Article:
I’m still having difficulty writing. However, although I’ve been struggling with my writing, I’ve still been using other creative outlets to cope with the frustrations of my illness. I’m making index card art with more frequency. Instead of using my sketchbook, it’s easier to carry a small stack of white 6 inch x 4 inch cards (15.24 cm x 10.16 cm) and a few pens around with me to draw something, while attending my pain management programs and other medical appointments.
Line drawing and basic doodling have become easy ways to distract myself from thinking about my pain. I guess that makes writing the harder way I’ve chosen to cope with my pain, since the greater my pain the less able I am to focus and concentrate on putting words together on a page. I’m anxiously anticipating a break in the block because writing has always been part of my self-care.
In the meantime, I can I only hope my pain management program instructors understand that I can draw lines on index cards and still pay attention to the information they share…
Writer’s block is a terrible affliction. I have so much happening in my life that I want and need to write about but my brain seems to be locked in a struggle with itself about which story to tell first and how to tell them. I started my blog as one way to cope with my illness so I wasn’t trapped inside my own thoughts, especially the negative ones. However, lately, even with so much happening to and around me, I can’t let much of it out. I must have at least half a dozen posts started but they are each a long way from finished.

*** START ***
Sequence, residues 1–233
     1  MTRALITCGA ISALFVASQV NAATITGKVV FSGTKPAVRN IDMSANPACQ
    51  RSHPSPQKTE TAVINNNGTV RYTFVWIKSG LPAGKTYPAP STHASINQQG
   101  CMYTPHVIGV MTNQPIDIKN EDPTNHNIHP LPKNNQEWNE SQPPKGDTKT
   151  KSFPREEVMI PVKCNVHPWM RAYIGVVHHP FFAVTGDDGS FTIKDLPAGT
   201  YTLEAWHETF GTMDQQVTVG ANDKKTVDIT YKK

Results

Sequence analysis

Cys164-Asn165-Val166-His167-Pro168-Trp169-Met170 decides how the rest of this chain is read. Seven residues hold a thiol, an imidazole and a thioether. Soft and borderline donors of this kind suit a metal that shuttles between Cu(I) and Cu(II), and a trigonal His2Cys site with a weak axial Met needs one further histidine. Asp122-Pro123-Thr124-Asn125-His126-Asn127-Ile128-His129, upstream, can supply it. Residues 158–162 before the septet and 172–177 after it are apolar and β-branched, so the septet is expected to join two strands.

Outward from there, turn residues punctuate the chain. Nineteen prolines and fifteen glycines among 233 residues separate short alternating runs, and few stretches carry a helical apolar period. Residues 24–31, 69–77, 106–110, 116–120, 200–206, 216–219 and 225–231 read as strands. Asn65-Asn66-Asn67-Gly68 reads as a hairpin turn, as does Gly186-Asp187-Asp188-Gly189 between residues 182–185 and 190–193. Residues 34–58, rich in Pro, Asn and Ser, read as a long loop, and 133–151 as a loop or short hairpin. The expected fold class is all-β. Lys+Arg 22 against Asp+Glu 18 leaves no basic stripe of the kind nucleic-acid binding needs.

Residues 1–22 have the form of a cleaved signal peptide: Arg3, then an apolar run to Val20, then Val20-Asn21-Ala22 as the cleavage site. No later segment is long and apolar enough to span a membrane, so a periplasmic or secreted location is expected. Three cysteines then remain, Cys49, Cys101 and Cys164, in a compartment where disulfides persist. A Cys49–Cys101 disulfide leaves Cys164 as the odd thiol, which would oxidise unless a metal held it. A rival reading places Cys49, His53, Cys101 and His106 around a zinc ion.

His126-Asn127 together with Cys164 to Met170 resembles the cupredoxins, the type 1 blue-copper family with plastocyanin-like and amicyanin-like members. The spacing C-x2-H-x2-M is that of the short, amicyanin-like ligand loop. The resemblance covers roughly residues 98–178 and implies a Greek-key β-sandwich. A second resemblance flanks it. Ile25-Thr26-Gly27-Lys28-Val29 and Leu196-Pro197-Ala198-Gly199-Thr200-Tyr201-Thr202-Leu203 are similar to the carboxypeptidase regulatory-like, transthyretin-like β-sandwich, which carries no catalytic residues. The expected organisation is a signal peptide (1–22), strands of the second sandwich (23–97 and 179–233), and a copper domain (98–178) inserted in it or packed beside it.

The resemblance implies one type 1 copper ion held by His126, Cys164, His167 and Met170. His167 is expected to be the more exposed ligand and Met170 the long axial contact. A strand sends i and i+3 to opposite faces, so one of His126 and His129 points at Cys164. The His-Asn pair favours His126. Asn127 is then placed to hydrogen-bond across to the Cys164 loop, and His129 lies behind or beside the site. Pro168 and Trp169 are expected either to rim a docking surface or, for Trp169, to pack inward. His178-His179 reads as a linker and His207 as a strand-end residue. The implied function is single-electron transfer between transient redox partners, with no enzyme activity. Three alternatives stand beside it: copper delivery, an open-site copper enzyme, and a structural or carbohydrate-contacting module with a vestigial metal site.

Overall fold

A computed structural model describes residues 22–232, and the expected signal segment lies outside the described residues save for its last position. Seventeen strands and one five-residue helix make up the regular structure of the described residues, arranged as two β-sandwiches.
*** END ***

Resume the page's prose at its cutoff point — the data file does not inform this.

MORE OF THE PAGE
Luckily, I’ve been able to maintain my connection to the creative practice that I also started as another method of coping, so the art is still being created. I’ve been posting what I’ve been creating on my Instagram page, which I suppose is a small release because I do write captions for the things I share. Still, I need to figure out a way to clear the cobwebs or lift the brain fog – whichever idiom is more suitable – so I can get back to documenting and sharing my experiences with the unending hope that what I write helps someone have a better day, as much as it usually helps me.
We each live life in our own boxes. Some of our boxes are bigger than other boxes. Some of them allow the flow of information through their walls. Others are made from rigid materials that permit no changes. Fortunately, we can decide when and if the walls of our boxes will ever come down. Still, as much as we are constrained by boundaries of our own making, the things that hold us back the hardest are usually beliefs ingrained in our societies and the institutions built around them.
These beliefs and institutions are the foundation upon which all our boxes stand and they influence us all from the earliest stages of our lives. They direct the way we see the people in boxes around us and ourselves. They often affect the choices we make about which people in which boxes we can and cannot connect with; and if those beliefs and institutions remain stagnant or rile against becoming open and inclusive of all people in all boxes, those of us who have been educated solely by them will never open ourselves to change.